San Jose, CA (PRWEB) April 21, 2010
At the opening bell of the Society for Biomecular Sciences (SBS) 16th Annual Conference & Exhibition in Phoenix, Microsonic Systems Inc. (“Microsonics”) announced that its HENDRIX SM100 Ultrasonic Fluid Processor (“HENDRIX SM100”) significantly improves fragment-based drug screening quality by re-solubilizing precipitated samples back into solution.
Recent data shows that by adding the HENDRIX SM100 to the fragment-based drug discovery process, researchers are able to re-solubilize precipitated fragment libraries and consequently “recover” the originally “lost” samples. This process both increases the sample concentrations and improves the accuracy of screening results.
“Using Lateral Ultrasonic Thrust™ technology to solubilize, thaw, mix and suspend is proving to be a highly effective tool to increase screening yields,” stated Bruce Jamieson, Senior Vice President of Sales & Marketing. “In fact, our customers have told us that by virtually eliminating precipitates from their compound libraries, the HENDRIX SM100 is allowing them to screen a significantly higher proportion of their compounds than they would have been able to otherwise, a process we are calling ‘secondary recovery.’”
Microsonics presented a poster at the SBS conference titled “Improve the Integrity of Your Fragment Library for Fragment-Based Drug Discovery”. The poster reports experimental data that shows that, compared to the control group, the secondary recovery process increases primary screening activity by up to 384%, and by as much as two logs of concentration reduction in fragment IC50 values.
Fragment-based drug discovery (FBDD) is gaining recognition for its many advantages over high-throughput screening, including better hit-to-lead rates and broad chemical space for possible compound scaffolds. Due to the low affinity of fragments for biological targets, fragment libraries may contain weak hits, requiring screening concentrations as high as 200mM. Although many fragments are soluble in DMSO, environmental shocks introduced by DMSO hydration or repeat freeze/thaw cycles can cause precipitation, and consequently affect the accuracy of FBDD screening results. Using the HENDRIX SM100, precipitates can now be recovered across an entire microplate or tube rack simultaneously in just a few minutes.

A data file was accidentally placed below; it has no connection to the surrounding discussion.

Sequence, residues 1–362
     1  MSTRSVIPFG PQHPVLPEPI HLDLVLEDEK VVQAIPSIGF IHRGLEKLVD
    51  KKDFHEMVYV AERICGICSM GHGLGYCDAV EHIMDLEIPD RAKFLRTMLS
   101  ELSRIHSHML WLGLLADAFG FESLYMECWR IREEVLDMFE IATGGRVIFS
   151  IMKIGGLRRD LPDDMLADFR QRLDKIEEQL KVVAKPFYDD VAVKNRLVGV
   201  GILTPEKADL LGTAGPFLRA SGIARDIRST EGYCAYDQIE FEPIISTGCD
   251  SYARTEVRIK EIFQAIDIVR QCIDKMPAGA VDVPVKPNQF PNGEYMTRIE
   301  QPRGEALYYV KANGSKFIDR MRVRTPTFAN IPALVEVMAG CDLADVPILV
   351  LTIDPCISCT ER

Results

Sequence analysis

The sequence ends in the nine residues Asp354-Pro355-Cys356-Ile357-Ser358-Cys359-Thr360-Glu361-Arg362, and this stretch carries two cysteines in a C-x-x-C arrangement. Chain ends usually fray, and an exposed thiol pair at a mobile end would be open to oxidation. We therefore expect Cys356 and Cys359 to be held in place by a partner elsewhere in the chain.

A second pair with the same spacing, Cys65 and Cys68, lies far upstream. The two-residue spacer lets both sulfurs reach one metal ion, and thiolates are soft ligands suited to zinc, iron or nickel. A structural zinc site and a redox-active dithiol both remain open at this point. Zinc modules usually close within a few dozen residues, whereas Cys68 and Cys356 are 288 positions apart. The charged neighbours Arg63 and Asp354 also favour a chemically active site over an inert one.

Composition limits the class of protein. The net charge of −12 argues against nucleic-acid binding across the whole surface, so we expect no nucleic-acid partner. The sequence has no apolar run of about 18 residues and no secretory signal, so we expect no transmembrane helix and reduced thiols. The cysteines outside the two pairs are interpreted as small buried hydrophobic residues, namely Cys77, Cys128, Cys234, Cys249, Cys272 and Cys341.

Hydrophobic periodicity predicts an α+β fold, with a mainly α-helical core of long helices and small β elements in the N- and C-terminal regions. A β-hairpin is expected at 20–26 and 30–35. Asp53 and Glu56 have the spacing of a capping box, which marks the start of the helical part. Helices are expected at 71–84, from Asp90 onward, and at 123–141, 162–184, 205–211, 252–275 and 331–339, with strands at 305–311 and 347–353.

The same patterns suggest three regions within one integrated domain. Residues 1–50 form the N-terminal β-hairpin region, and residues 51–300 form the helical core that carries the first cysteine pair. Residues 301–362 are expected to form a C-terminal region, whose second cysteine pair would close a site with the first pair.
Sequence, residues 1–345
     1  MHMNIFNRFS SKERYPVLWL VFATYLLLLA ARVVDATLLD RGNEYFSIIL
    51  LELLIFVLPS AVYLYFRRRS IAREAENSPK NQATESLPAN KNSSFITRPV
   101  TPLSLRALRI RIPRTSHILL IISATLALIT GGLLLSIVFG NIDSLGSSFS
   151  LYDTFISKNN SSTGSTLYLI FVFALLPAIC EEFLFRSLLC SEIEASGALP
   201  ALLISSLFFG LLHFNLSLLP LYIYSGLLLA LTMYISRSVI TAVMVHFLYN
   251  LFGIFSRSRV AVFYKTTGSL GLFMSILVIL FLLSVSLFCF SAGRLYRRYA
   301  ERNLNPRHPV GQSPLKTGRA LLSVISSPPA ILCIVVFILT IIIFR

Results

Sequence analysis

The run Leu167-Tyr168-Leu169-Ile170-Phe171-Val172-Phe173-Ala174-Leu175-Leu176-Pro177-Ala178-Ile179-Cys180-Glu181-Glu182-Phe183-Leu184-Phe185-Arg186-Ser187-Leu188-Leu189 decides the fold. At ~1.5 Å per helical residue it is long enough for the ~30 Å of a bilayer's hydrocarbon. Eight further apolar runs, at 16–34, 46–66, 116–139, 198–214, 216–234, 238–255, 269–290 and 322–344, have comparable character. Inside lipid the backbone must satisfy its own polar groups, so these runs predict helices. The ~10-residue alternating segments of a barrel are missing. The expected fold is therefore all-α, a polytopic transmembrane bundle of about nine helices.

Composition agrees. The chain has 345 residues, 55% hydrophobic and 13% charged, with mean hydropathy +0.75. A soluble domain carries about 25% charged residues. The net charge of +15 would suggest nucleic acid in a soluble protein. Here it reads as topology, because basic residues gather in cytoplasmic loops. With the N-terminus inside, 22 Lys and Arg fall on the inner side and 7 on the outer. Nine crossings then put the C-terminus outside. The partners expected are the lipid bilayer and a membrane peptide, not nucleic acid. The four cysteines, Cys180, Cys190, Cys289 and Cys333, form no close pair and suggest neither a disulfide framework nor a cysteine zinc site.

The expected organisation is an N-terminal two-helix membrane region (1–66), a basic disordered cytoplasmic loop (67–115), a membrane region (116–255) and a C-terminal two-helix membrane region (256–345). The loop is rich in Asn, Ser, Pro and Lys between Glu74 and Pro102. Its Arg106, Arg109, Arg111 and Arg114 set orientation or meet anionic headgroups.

About the HENDRIX SM100 Ultrasonic Fluid Processor
Originally launched as a microplate mixer, the HENDRIX SM100 has been enhanced to cover a wider range of applications and to satisfy market demands for higher throughput in sample preparation and fluid processing. Combining the Company’s proprietary lateral ultrasonic thrust™ (LUT) technology and the unique design of the FASA array, the HENDRIX SM100 enables rapid compound solubilization and reduces the hours-long process to minutes. The HENDRIX SM100 can also thaw frozen samples in a matter of minutes; this new use of ultrasonic technology will facilitate the possibility of on-demand sample retrieval. The HENDRIX SM100 can also suspend magnetic particles as well as live cells, which further expands its applications in Life Science to activities such as DNA extraction or isolation.
Since the 2009 Lab Automation conference, Microsonic Systems has made several product improvements to support a wide range of common labware – 96, 384 and 1536-well plates; flat bottom, U-bottom, V-bottom labware; 2D-barcoded tubes and scintillation vials. Software improvements now allow users to control the system in three distinct ways: through the system’s front touch panel; with a graphical user interface; or by using an API that supports integrated environments.
About Microsonic Systems
Microsonic Systems Inc. develops acoustics-based micro-fluidics instruments based on a novel, patented technology that will significantly improve the accuracy and efficiency of research. The lateral ultrasonic thrust™ (LUT) technology, using a micro-electro-mechanical systems (MEMS) based transducer, creates bulk acoustic waves which prepare samples and processes fluids rapidly and homogenously. Founded in 2004, Microsonics shipped its first production unit in 2009 from its facility in San Jose, CA. For more information, visit http://www.microsonics.com.